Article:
I felt betrayed that a friend would go out of his way to publicly discredit my best time in the marathon, when he had never once brought it up to me personally. I knew from that day that I would never be able to trust him the same way again.
Nonetheless, I knew the best way to silence critics would be to prove that I was even faster on a "legal" course. So in August, upon recovering from a nasty case of a torn plantar fascia, I registered and started training for the 2016 Chicago Marathon, an IAAF Gold Label race, a loop course with a net drop of 0m. With just 2 months of training under my belt, I raced a new personal best in the Chicago Marathon – 2:24:55. It qualified me for the 2017 SEA Games Marathon, and I stopped hearing any talk from Mok, or other critics, after.
When Mok attacked his SEA Games qualifier in the Seoul Marathon in March, I was quietly rooting for him to run well as I wanted him in the SEA Games. We had never raced a marathon head to head before, and after all his talk, I wanted him in the same race, so we could put aside all the talk about course legality, about discrediting performances, and settle once and for all, who the better runner was.
Mok ran 2:26:08 in Seoul, crushing his old personal best of 2:26:30. He was happy. I was happy. I was looking forward to our duel in Kuala Lumpur in August.
Plotline 2: Taking on the Legend - Agus Prayogo
The second plotline was that of me taking on my childhood idol Agus Prayogo. Agus has been a good friend of mine ever since we met at the 2012 ASEAN University Games in Laos. I followed the 2009 SEA Games as he won the 10,000m there, I watched him win both 5,000m and 10,000m golds in dominant fashion on his home ground in Indonesia in 2011, then saw him make a big comeback from a poor SEA Games in Myanmar in 2013 to winning the 10,000m again in Singapore in 2015.
Apart from being an amazing athlete, Agus was an amazing person as well. He was always happy to chat with me over lunch whenever we met, despite the fact that I was a nobody compared to what he had achieved. He shared with me what he did for training, that he had good days and bad days, and despite the fact that he looked invincible on the track, he was human too.
It kind of sucked that I had to race my friend for the gold – for one to win the gold, the other had to lose. But toeing the line against an athlete I had idolized for years was an experience I was relishing. It was me, the defending champion, against a distance running legend of South-East Asia. A clash that running fans across the entire region had been looking forward to the whole year.
As we stood on the start line, and we were introduced one-by-one, I felt a rush of emotions despite my steely demeanor. I was introduced by the announcer by my name and country, and heard the Singapore crowd roar. Despite all our disagreements we had over the past year in and out of the public spotlight, I felt my resentment at Mok fade in seconds. I looked at him, then tapped him on the elbow, offering a fist bump.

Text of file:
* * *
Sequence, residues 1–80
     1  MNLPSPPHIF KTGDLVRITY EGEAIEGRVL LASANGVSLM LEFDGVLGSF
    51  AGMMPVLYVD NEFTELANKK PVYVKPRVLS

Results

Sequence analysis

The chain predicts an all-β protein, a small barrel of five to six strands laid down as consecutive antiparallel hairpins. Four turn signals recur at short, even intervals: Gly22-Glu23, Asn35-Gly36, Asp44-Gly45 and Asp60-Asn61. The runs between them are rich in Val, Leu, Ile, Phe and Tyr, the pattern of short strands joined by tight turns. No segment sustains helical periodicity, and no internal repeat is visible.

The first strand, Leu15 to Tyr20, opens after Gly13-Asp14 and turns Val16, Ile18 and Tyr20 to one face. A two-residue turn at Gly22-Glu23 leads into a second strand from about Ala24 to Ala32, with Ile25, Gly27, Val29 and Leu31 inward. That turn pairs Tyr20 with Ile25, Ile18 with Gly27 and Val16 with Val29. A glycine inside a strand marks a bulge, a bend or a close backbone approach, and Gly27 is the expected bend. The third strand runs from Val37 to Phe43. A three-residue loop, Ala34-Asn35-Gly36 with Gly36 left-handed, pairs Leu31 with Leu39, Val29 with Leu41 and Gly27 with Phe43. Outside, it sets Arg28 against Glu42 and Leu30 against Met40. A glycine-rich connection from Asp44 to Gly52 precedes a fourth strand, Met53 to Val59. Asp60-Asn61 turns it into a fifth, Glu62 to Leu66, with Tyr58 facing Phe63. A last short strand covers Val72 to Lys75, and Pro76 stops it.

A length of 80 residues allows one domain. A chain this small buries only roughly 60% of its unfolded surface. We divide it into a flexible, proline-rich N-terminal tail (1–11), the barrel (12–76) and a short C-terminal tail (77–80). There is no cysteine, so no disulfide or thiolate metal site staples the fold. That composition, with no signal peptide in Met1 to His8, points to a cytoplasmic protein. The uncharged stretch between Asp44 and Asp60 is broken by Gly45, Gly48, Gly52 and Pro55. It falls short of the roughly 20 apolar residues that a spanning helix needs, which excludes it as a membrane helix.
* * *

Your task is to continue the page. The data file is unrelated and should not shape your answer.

No words were spoken, but the message was clear: “Good luck. This is for Singapore.”
As the gun went off at 6am sharp, I got the quickest off the line, then slowed and settled into 6th place. “Patience is the name of the game," I told myself.
Physically, I was fit, but others were better. Winning would not just take a good physical performance, but a careful strategy as well.
As I anticipated, Agus moved into the lead early, and began running at 2:28 marathon pace (3:31/km). Not a particularly quick pace, but one that not many in South-East Asia were capable of holding in race weather conditions – 26 degrees Celcius at the start, with 89% humidity. I felt the effects of the high humidity 3km into the race – I was already sweating a ton. I decided that the best chance I had was to hydrate as much as possible, knowing that cramps would surely hit in the late stages of the race for those who did not adequately replenish their lost electrolytes.
As we passed my first water station, I grabbed my first H-TWO-O bottle, sipped on it over the course of 400 metres, and consumed all 500ml of fluid I had prepared. I had 8 water stations in total (approximately one every 5km), and while I can usually get by with less hydration, I told myself that I had to drink as much as I could given the ridiculously high humidity.
Every time I grabbed a H-TWO-O bottle, I would lose ground on the leaders because they would sip quickly on their drinks and toss them aside within seconds, while I would hold on to mine for almost a minute and a half, consuming the entire contents of the bottle before throwing them aside. Each water station was like a bank investment – putting in the money, banking on the possibility that it would pay off in the long run (pardon the pun).
"Patience, Rui. Stay relaxed, you look good!" Coach Ben Rosario instructed. I saw him twice per lap, a total of 10 times over the course of the race - that was one good thing about the 5-loop course! Ben's instructions to me were clear - we had trained very specifically at my marathon pace energy system. 15 x 1km. 3 mile tempo, 8 x 800m, 3 mile tempo. 16 mile steady state. 42.2km long run. These were just some of the big sessions I had done in preparation for the SEA Games, under the guidance and watchful eye of Coach Ben. We knew I had to be better than ever before to stand a chance. And we had prepared well. We were ready, or so we believed. We had to believe.